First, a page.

Global Pathways (3) Five pathways to thinking globally: Health & Environment, Culture & Identity, Human Rights, Wealth & Inequality, and Global Conflict.
GLIS 102 Global Pathways (3)
(BA) This course meets the Bachelor of Arts degree requirements.
This course introduces students to five pathways to thinking about global issues today: Global Conflict, Health & Environment, Culture & Identity, Wealth & Inequality, and Human Rights. We will spend three weeks focusing on each problem. Students will complete the course with a stronger sense of many of the major global issues of our time, as well as a sense of how those issues can be approached and studied from a variety of humanistic and social scientific perspectives. Students will also learn how aspects of identity, like race, sexuality, or gender, affect and are affected by global forces. Combined with GLIS 101, this course will help prepare students for lives and careers in which they will interact with these large-scale global issues on a daily basis; it will allow students to understand how various local or national issues are affected by global ones, and to see ways of intervening in the world to address global problems.
Global Conflict. Why do people fight? Is violence inherent to human society? How is it possible to dream of an end to war, as creative writers of many cultures have done?
Health & Environment. How does climate affect human history? How have societies and individuals interacted with their environments, and how have the relations between human beings and the natural world been represented in literature and the arts? How are health issues depicted in narratives and other media, and how do health crises challenge political or cultural norms?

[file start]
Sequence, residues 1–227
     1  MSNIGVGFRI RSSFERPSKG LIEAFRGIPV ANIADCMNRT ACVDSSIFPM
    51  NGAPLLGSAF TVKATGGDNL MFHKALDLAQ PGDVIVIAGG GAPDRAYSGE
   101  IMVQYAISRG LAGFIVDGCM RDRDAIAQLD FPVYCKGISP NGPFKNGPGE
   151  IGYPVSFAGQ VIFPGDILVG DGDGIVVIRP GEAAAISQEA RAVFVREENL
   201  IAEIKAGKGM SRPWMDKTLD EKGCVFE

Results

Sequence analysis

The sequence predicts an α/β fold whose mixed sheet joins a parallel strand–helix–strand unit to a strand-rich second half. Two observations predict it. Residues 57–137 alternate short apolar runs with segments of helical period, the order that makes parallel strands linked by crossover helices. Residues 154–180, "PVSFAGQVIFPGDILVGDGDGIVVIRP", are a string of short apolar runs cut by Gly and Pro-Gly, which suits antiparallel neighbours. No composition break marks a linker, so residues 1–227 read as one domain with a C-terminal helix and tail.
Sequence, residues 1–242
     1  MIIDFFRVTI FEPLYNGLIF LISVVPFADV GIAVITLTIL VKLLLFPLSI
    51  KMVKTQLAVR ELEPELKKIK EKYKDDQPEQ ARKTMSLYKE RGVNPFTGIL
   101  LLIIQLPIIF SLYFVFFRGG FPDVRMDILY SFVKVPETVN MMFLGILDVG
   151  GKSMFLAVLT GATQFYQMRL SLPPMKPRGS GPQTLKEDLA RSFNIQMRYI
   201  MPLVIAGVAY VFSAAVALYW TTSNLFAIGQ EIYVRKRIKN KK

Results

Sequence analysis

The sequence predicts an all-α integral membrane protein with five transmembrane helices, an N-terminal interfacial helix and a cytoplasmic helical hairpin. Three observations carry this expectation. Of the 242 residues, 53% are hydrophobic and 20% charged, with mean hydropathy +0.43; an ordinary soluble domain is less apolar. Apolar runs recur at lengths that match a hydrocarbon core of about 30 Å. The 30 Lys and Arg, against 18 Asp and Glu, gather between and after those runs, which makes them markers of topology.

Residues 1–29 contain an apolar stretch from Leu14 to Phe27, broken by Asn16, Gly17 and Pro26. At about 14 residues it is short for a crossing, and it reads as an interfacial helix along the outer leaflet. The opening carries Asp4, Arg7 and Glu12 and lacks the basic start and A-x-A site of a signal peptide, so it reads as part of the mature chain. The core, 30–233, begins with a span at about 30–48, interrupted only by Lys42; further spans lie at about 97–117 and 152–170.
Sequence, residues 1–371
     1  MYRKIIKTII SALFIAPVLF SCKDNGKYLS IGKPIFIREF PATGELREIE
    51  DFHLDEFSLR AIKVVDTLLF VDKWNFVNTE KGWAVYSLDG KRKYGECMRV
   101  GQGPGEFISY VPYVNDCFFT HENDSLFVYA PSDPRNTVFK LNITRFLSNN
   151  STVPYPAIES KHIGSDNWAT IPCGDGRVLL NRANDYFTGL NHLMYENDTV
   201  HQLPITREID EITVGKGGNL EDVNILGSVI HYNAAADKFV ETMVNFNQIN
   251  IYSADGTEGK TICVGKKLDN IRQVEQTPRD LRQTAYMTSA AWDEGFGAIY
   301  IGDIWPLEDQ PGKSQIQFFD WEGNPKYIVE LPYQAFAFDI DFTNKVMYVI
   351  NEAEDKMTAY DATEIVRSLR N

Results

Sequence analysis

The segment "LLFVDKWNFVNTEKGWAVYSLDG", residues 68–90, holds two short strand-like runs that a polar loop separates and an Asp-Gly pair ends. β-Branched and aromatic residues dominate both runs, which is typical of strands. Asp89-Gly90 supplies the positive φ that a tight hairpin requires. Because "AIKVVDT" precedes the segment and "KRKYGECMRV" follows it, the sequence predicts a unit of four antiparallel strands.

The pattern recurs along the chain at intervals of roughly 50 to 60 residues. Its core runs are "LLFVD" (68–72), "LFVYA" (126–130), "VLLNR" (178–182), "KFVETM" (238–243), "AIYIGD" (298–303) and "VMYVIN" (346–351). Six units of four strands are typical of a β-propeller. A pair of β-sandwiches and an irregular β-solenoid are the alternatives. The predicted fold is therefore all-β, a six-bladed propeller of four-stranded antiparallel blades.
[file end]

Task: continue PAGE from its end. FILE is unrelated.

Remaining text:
Culture & Identity. How do we come to be who we are? How are we shaped by the circumstances we grow up in? What is culture, and how do we “read” cultures other than our own? What happens when people move or change cultures, or when cultures move or change people?
Wealth & Inequality. Why are some nations, and some people, rich, and others poor? What structural factors help explain those differences? How does the distribution of wealth factor into what counts as a good society?
Human Rights. What are the most fundamental properties of being human? What kinds of responsibilities have societies imagined that they have to their citizens and non-citizens? Does everyone in a society have the same rights? If rights are everywhere violated and ignored, does that mean they cannot, or should not, exist?
Note : Class size, frequency of offering, and evaluation methods will vary by location and instructor. For these details check the specific course syllabus.